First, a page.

20 Mind Expanding Quotes From Dr. Carl Jung

Doctor Carl Jung was a revolutionary Swiss psychiatrist, from the early 1900’s  who founded the field of analytical psychology. While mainly  noted for -his work as a pioneering psychiatrist, he was well rounded, forward thinking student of philosophy, anthropology, archaeology, literature and religious practices. He was a very talented writer as well, though many of his works were not published until after his death. The new branch of psychiatry he developed is still practiced to this day. It focuses on the importance of the individual psyche and the personal quest for for ‘wholeness’. In the process of developing analytic psychiatry he branded concepts such as the archetype, the collective unconscious, (a) complex and extroversion vs introversion.

Dr. Jung was concerned with individual development in relation to society. He developed the now common place concepts used to describe different personalities and their make up. Personal growth had priority of his studies that he sought to quantify and qualify. He realized that, when talking about such personal elements of life, they were very subjective. By studying people as individuals he sought to make the human experience less mysterious. He wanted to make it easier for people to relate to one another.

One way Dr. Jung sought to bridge the gaps between people, was with the term ‘archetypes’. It can be used  to bridge many abstract elements to each other or ground them to  real world issues or culture. Archetype is a very typical example of a person, place, thing or situation. It can also refer to an original work that has been imitated or refer to a recurring symbol or motif in literature, art or mythology. By explaining these very abstract concepts in plain and easy to understand terms, Dr. Jung was a forward thinking man. Many philosophers, doctors, scientists and politians have used the platform Dr. Jung created to build on.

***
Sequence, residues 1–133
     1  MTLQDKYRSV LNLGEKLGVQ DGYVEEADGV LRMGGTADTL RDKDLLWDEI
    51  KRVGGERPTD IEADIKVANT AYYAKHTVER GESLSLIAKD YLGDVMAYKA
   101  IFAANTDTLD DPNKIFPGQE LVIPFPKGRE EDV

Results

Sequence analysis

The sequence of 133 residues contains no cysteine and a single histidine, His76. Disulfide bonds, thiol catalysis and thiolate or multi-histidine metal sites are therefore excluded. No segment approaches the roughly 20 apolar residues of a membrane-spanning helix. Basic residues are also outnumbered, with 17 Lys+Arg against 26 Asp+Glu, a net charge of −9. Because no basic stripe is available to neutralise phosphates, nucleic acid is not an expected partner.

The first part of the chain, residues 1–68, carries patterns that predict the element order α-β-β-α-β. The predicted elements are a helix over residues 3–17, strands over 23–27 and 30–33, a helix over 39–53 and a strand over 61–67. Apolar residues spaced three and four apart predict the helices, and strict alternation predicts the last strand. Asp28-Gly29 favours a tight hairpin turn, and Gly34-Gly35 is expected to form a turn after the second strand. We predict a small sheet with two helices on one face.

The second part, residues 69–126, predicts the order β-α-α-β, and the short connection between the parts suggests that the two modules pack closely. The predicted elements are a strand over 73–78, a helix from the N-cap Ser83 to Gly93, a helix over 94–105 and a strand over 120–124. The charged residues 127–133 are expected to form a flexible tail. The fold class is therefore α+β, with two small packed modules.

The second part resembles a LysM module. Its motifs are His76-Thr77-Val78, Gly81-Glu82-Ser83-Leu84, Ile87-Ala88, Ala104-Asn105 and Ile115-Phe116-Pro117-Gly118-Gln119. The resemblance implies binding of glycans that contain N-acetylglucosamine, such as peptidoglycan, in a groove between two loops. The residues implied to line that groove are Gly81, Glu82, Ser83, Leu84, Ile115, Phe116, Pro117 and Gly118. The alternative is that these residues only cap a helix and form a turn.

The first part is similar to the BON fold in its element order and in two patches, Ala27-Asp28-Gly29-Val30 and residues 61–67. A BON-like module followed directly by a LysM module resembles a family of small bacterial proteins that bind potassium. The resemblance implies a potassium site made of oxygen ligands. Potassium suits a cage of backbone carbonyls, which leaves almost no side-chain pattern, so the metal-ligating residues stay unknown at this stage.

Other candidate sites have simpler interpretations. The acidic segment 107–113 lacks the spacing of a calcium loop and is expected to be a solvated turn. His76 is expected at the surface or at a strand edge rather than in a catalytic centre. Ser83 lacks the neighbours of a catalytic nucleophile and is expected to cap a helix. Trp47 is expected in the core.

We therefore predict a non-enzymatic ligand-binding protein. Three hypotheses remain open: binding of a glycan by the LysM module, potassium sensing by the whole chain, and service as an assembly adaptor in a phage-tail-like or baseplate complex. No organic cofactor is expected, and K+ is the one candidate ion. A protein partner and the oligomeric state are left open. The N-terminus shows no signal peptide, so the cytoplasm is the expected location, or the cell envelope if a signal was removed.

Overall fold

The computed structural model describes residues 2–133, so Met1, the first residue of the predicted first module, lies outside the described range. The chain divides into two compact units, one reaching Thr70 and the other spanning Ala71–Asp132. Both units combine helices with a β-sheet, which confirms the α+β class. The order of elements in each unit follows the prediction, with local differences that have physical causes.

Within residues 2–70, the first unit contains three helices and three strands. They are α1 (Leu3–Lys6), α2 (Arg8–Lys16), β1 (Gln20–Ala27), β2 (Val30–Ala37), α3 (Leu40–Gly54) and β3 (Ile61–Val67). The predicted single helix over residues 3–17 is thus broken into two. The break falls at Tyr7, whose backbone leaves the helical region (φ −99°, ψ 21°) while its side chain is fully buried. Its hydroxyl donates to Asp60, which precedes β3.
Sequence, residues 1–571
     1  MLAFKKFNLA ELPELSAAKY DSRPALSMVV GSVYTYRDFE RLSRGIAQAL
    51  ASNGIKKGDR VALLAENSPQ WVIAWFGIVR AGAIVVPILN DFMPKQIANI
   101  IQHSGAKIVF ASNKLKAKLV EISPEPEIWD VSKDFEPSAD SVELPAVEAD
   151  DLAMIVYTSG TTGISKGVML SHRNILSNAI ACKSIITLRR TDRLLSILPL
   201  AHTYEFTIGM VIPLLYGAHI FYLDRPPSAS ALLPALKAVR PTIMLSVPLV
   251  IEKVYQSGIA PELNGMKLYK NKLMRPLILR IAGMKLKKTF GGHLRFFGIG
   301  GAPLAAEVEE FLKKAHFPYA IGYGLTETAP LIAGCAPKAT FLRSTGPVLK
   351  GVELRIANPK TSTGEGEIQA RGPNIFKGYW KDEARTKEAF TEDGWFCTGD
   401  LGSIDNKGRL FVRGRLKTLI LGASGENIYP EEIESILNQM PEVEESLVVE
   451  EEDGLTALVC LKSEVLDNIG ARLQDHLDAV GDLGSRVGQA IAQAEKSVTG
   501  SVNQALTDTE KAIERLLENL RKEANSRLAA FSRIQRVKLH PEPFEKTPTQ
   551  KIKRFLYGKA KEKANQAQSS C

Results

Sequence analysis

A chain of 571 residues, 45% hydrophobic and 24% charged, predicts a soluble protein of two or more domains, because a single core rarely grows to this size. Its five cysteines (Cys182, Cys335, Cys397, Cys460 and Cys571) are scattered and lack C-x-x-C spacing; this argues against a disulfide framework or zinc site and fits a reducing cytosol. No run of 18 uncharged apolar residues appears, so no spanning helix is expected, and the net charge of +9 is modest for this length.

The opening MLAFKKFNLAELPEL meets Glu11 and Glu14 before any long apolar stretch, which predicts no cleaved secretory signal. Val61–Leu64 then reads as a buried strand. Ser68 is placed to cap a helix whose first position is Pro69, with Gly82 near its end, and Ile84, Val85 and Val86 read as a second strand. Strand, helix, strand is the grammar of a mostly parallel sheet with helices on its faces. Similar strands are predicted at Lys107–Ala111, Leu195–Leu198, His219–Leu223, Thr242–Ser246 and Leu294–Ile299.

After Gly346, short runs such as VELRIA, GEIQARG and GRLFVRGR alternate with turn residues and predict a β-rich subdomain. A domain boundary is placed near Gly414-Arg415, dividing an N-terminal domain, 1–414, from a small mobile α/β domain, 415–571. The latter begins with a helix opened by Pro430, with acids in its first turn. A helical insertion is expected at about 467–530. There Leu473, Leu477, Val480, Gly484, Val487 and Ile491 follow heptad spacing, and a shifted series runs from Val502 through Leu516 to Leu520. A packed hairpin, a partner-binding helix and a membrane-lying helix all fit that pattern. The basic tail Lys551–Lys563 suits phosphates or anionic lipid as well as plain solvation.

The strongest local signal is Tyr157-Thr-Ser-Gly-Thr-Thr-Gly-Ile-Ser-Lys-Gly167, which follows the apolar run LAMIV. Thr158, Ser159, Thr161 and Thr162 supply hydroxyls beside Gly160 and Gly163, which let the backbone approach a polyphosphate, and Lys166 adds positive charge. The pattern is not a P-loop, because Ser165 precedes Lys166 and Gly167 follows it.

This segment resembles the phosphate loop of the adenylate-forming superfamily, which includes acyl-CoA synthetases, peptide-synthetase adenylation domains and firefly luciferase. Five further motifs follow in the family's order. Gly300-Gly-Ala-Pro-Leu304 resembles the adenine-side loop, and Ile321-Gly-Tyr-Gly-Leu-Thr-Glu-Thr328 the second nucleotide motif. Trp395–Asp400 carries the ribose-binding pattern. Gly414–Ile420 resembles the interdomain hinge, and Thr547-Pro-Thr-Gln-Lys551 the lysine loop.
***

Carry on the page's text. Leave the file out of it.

1. There is no coming to consciousness without pain.

2. The shoe that fits one person pinches another; there is no recipe for living that suits all cases.

3. The word ‘happiness’ would lose its meaning if it were not balanced by sadness.

4. In all chaos there is a cosmos, in all disorder a secret order.

5. The healthy man does not torture others – generally it is the tortured who turn into torturers.

6. A man who has not passed through the inferno of his passions has never overcome them.

7. It is a fact that cannot be denied: the wickedness of others becomes our own wickedness because it kindles something evil in our own hearts.

8. Your vision will become clear only when you can look into your own heart. Who looks outside, dreams; who looks inside, awakes.

9. Neurosis is always a substitute for legitimate suffering.

10. It all depends on how we look at things, and not how they are in themselves.

11. Mistakes are, after all, the foundations of truth, and if a man does not know what a thing is, it is at least an increase in knowledge if he knows what it is not.

12. The collective unconscious consists of the sum of the instincts and their correlates, the archetypes. Just as everybody possesses instincts, so he also possesses a stock of archetypal images.

13. Dreams are the guiding words of the soul. Why should I henceforth not love my dreams and not make their riddling images into objects of my daily consideration?

14. The greatest and most important problems of life are all fundamentally insoluble. They can never be solved but only outgrown.

15. Shrinking away from death is something unhealthy and abnormal which robs the second half of life of its purpose.

16. For a young person, it is almost a sin, or at least a danger, to be too preoccupied with himself; but for the ageing person, it is a duty and a necessity to devote serious attention to himself

17. Understanding does not cure evil, but it is a definite help, inasmuch as one can cope with a comprehensible darkness.

18. Our heart glows, and secret unrest gnaws at the root of our being. Dealing with the unconscious has become a question of life for us.

19. All the works of man have their origin in creative fantasy. What right have we then to depreciate imagination.

20. Often the hands will solve a mystery that the intellect has struggled with in vain.

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